Tracking Healthcare Benefit Costs

Tracking Healthcare Benefit Costs
December 29 01:00 2015

Recent surveys from the Employee Benefit Research Institute, Mercer and others indicate that the upward pressures on healthcare benefit costs for employees may be easing. What this means for HR as they manage and communicate benefit information to employees.

In general, the surveys show that many companies expect to keep increases to 6 percent in 2016; others project keeping increases to five percent for the third consecutive year. Mercer’s National Survey of Employer-Sponsored Health Plans 2015 finds that the average health benefit cost per employee is projected to rise by less than 5 percent for the fifth straight year. And despite the decreasing cost trend, 54 percent of the companies plan to make some changes to health benefit programs in 2016.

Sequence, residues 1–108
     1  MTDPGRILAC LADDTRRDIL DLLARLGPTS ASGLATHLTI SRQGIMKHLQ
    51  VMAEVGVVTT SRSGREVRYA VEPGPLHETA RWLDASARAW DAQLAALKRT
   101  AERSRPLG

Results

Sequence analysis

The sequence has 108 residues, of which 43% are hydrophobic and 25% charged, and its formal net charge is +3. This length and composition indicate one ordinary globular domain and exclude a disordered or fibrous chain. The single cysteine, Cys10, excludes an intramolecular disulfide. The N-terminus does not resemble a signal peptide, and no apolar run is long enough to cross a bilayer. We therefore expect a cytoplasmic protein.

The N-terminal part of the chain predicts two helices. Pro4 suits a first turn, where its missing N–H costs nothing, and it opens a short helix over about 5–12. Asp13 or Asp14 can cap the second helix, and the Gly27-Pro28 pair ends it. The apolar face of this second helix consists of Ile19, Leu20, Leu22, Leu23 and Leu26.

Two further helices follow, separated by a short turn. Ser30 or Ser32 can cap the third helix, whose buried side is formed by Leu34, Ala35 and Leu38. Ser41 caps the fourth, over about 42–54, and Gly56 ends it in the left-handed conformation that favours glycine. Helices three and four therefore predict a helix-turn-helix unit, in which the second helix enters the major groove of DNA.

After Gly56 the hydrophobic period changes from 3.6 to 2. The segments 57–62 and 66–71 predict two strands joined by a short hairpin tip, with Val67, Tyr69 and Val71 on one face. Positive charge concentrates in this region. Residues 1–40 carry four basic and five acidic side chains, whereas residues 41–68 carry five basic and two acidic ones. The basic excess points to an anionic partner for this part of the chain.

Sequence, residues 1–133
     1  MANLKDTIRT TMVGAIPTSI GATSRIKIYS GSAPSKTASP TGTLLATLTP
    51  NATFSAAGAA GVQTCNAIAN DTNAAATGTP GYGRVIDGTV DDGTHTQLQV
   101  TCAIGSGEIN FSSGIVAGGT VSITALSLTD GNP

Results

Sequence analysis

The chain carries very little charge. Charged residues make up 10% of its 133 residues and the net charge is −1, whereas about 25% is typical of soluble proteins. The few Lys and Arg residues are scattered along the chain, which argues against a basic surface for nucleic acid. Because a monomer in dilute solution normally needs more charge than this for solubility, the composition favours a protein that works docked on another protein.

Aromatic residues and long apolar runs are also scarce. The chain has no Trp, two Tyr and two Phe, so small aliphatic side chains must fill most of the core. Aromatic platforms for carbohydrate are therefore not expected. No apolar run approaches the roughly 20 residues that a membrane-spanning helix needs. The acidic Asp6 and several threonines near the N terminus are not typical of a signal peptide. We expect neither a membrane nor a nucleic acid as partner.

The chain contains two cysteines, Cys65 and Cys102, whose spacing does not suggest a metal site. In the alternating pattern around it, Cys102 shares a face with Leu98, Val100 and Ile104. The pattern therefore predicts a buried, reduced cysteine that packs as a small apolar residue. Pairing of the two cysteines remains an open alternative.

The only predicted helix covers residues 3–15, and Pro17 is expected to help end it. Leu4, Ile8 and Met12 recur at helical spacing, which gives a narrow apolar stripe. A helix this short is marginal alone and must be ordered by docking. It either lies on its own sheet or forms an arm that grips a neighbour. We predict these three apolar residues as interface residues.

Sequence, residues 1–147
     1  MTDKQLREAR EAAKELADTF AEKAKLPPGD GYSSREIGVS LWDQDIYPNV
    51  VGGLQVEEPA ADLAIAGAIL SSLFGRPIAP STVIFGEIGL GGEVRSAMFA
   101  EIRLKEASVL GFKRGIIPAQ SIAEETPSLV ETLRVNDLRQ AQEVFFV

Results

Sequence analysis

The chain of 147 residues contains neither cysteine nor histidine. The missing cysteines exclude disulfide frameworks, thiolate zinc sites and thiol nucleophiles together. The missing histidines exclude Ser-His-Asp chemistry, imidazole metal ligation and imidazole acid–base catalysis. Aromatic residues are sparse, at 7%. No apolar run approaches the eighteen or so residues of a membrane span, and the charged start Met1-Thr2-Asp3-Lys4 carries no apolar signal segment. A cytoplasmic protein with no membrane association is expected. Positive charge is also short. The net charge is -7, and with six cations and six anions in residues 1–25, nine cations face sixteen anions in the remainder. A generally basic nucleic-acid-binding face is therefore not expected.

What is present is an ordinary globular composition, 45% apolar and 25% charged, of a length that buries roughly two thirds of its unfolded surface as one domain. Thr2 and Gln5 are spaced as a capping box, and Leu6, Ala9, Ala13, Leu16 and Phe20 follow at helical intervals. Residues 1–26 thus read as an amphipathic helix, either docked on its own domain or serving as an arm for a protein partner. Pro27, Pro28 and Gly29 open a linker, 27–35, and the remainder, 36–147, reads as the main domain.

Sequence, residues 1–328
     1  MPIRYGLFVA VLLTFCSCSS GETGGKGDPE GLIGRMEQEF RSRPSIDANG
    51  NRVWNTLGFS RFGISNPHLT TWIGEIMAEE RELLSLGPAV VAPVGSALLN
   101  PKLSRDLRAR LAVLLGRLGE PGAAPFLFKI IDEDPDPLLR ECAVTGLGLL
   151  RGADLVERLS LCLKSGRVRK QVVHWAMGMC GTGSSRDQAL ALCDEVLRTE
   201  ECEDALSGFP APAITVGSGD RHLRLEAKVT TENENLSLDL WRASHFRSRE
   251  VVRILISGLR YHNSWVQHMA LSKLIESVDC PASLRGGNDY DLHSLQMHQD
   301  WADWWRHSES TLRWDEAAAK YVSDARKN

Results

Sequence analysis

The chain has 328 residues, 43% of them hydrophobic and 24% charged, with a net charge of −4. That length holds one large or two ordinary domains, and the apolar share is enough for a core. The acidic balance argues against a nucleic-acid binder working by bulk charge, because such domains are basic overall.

Meanwhile, the 2015 Employee Benefit Research Institute/Greenwald & Associates Health and Voluntary Workplace Benefits Survey finds 50 percent of workers with health insurance coverage report having experienced an increase in healthcare costs in the past year, an historical low in the survey.

What has impacted this apparent slowdown in cost increases? While the move to high deductible plans is a cost-reduction driver, Brian Marcotte, president and CEO of the Washington-based National Business Group on Health, says improvements can’t be attributed to any one thing. “Companies implemented more transparency, concierge services [and] wellness programs, and helped consumers navigate their options and where to find the best places for care,” he says.

“The trend is good,” says Marcotte. “However, it’s higher than it should be, because the projection is above the Consumer Price Index of about 2 percent.”

Last year, about 50 percent of companies jumped to a full replacement with high-deductible plans, Marcotte says. “And, a third of large companies told us that the HDP was the only option offered to employees. About 27 percent of the companies surveyed are considering moving to HDP for 2017, but prefer waiting to see if any changes are enacted to the ‘Cadillac’ excise tax, a provision of the Affordable Care Act,” Marcotte adds.

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